But Jeffreys omits the possibility that Rochester had Dryden beaten up by hired bravos. He reflects it’s a question of what to leave out. Thus we can’t see where Voltaire’s praise fell, on the magnificent ‘Satire against Reason and Mankind’, or yet the tender brilliance of such lyrics as ‘An age in her embraces/would seem but a winter’s day.’ Jeffreys smuggles in as much poetry as he can, and we should be up for it.
Rochester’s been banished for inadvertently pulling out the wrong poem to quote for the king in front of foreign dignitaries and being unable to stop, which Charles II knows too. It’s alas a lampoon on Charles’s fading sexual prowess ending ‘All monarchs I hate/From the Hector of France to the cully of Britain’ so he’s been banished. But he’s also Charles’ surrogate son, and the indulgent almost roistering and intellectually agile Charles expects great literary feats from him.
Jasper Britton has hit a peak from his Barabas in the RSC’s The Jew of Malta in 2015, and his voice here shows it. He dominates the stage when he strides or swives. ‘I’m up Big Dolly’ he booms from a gallery conversing with Rochester rogering Jane flaccidly below, a volte face from the poem: he quotes another, sadder piece after the king departs.
It’s the first mark too of the way Cooper thrubs his vitality out, using this as an arc to trace his physical decline, something that marks his performance as both visceral but most of all embodied.
A triangle of pressures runs Rochester rampant: the king’s literary tasking, his wife Elizabeth Malet (Alice Bailey Johnson) whom he’d eloped with, a genuine love-match; and the stage Elizabeth Barry (Ophelia Lovibond) whom only Rochester realizes strives for a new naturalism. Despite fiery passes he coaches her to become herself. She falls for him of course. Lovibond’s defiant, vulnerable, tender, her degrees of falling convincing; she falls as an equal for the first time in Rochester’s life.
Jeffrey’s classic symmetries allow for collision. Rochester trains women in a new masque for the King: the second half opens with his original Monsieur Dildo rhymes set a cappella by Colin Towns, a chorus of dildos rampant. Charles’ feline appraisal and gradual dismemberment of the occasion is classically political, all aimiable then something else. Rochester’s sparky friends shift too, first because it’s Etherege’s play that’s put on; power relations shift. Several excursions deteriorate, with more dire consequences than the killing of time (Charles’ new sundial). Rochester’s actions are read perhaps unfairly and for the first time he’s branded a coward.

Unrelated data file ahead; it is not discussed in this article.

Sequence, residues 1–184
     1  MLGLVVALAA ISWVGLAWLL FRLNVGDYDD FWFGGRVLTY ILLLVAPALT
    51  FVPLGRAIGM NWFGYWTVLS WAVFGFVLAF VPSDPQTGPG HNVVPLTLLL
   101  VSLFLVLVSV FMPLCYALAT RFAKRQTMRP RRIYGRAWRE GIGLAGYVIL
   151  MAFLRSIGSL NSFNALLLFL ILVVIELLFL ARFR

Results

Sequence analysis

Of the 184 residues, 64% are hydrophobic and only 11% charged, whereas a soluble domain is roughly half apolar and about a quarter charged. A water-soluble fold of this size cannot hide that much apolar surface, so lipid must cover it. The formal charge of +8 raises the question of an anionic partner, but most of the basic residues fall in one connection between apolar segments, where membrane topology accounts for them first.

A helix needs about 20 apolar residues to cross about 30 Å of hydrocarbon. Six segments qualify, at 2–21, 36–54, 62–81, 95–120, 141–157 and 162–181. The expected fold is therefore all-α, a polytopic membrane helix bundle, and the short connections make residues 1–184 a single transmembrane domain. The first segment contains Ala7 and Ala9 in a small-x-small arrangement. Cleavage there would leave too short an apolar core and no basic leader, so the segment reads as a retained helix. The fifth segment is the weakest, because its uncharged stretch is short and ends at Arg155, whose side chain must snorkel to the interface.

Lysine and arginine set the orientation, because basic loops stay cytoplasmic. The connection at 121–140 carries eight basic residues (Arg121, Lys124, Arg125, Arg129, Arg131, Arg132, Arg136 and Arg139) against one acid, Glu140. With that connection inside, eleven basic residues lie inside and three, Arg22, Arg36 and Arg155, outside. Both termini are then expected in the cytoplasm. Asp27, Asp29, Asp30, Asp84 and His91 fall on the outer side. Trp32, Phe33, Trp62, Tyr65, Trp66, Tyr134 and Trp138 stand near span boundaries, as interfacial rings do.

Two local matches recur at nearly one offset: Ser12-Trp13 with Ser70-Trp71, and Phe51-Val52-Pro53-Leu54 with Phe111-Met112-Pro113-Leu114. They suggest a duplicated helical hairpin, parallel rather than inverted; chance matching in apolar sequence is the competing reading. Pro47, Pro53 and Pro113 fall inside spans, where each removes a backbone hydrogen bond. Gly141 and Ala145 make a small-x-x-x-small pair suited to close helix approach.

It’s pivotal, no less for being prophesied. As the men fall away, friendship and patronage cooling, the pith of the drama oscillates between Malet and Barry, with Lizzie Roper’s mother-hen stage manager Luscombe acting as chorus to all Barry’s business. Rochester protests: ‘When I met you I was, in that instant, delivered from still life.’ But he’s been too demanding, too destructive.
Their great scene is a triangle depending on Barry: and even here now shorn of Rochester’s lyric ‘Leave this gaudy, gilded stage’ – because Jeffreys’ own powers show how futile that insert seems – the harrowing rejection is made all the more moving through the arc Lovibond’s tears, banishing Rochester through her teeth.
It’s a tremendous Restoration climax and has to be seen. Lovibond refuses to stop loving Rochester, even now, and this confirms her in the triad including Malet and Jane, who all settle accounts in some way. Jeffreys’ Rochester could never enjoin Barry to leave the stage. She’s more alive, both he and Luscombe reflect, than they are. Roper brings out Luscombe’s complete subjection to Barry: she lives only when she sees Barry perform. So does Rochester. It’s one of the great realisations of theatre and life.
Bailey Johnson has to unstiffen from her predestined radiance, particularly when Rochester adopts a monkey to pose with (a real portrait) and the final scene brings mastery, her heroic sally to save Rochester. In a poem not quoted here he cedes ‘to your fair bum the breeches’ and Jeffreys takes his cue.
The coup here is different from the film where Depp’s Rochester delivers what’s in effect Dryden’s job: rescuing Charles from the Exclusion Crisis (his Catholic brother’s hated succession) in his great Absalom and Achitophel. How Jeffreys relishes this irony; perhaps Rochester might have. To those who know the film only, the end’s a surprise. It returns too to images from mocking dialogue between Rochester and Downs about universities with angels dancing on pins, but to very different effect.
Perhaps if Jeffreys had known the tremendous éclat of this production in advance, he might have undone some cuts. What he has assured us of is the finest, shrewdest, darkly poetic play of these times the centuries between have ever known.